Fatigue and heart disease. The association between 'vital exhaustion' and past, present and future coronary heart disease

J Psychosom Res. 1989;33(6):727-38. doi: 10.1016/0022-3999(89)90088-3.


In order to study the association between vital exhaustion and different manifestations of coronary heart disease, a prospective study was conducted among 3877 males, aged 39-65. This group was studied during a mean period of 4.2 years. Vital exhaustion, a mental state characterized by unusual fatigue, a feeling of being dejected or defeated, and increased irritability, were assessed by means of the Maastricht Questionnaire. Subjects who scored in the upper third were labelled as exhausted and were compared with those who scored in the lower or middle third. The age-adjusted relative risk of angina pectoris at screening that was associated with vital exhaustion was 4.17 (p less than 0.01); that of unstable angina pectoris at screening was 17.21 (p less than 0.001). No association was observed between vital exhaustion and past myocardial infarction, except in the youngest age group (OR = 3.76; p = 0.05). Among the subjects free from coronary heart disease at screening, 54 cases of angina pectoris, 38 cases of non-fatal myocardial infarction, and 21 cases of fatal myocardial infarction were observed during follow-up. The age-adjusted relative risk of angina pectoris at follow-up was found to be 1.86 (p less than 0.03) and that of non-fatal myocardial infarction was found to be 2.28 (p less than 0.001). No association was found between vital exhaustion and fatal events.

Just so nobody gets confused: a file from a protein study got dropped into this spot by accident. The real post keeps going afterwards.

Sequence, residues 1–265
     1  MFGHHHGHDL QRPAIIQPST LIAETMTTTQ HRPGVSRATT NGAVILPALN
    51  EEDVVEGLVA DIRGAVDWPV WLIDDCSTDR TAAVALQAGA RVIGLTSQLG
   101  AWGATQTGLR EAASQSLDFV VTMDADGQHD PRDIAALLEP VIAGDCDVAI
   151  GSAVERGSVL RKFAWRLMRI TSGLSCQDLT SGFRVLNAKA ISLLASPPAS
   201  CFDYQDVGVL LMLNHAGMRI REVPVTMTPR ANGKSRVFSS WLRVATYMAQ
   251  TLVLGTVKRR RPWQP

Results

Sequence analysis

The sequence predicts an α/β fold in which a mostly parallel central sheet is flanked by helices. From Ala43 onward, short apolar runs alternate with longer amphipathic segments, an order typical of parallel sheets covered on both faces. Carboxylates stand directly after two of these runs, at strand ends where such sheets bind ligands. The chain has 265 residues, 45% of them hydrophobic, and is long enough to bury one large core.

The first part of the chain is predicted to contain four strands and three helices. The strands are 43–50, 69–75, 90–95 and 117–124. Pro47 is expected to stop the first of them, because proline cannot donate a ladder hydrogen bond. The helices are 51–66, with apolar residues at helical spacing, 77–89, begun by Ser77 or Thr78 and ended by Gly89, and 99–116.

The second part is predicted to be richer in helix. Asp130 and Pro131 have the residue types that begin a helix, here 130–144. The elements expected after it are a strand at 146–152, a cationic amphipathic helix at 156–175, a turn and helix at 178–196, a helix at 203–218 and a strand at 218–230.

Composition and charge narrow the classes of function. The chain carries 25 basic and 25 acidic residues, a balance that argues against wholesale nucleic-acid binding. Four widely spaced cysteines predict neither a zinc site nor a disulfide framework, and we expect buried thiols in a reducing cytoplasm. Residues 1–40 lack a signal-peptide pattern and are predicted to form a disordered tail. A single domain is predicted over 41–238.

Publication types

  • Research Support, Non-U.S. Gov't

MeSH terms

  • Adult
  • Affect / physiology*
  • Aged
  • Angina Pectoris / physiopathology
  • Angina Pectoris / psychology*
  • Fatigue / physiopathology*
  • Humans
  • Irritable Mood / physiology*
  • Male
  • Middle Aged
  • Myocardial Infarction / physiopathology
  • Myocardial Infarction / psychology*
  • Prospective Studies
  • Risk Factors
  • Self Concept
  • Surveys and Questionnaires
  • Time Factors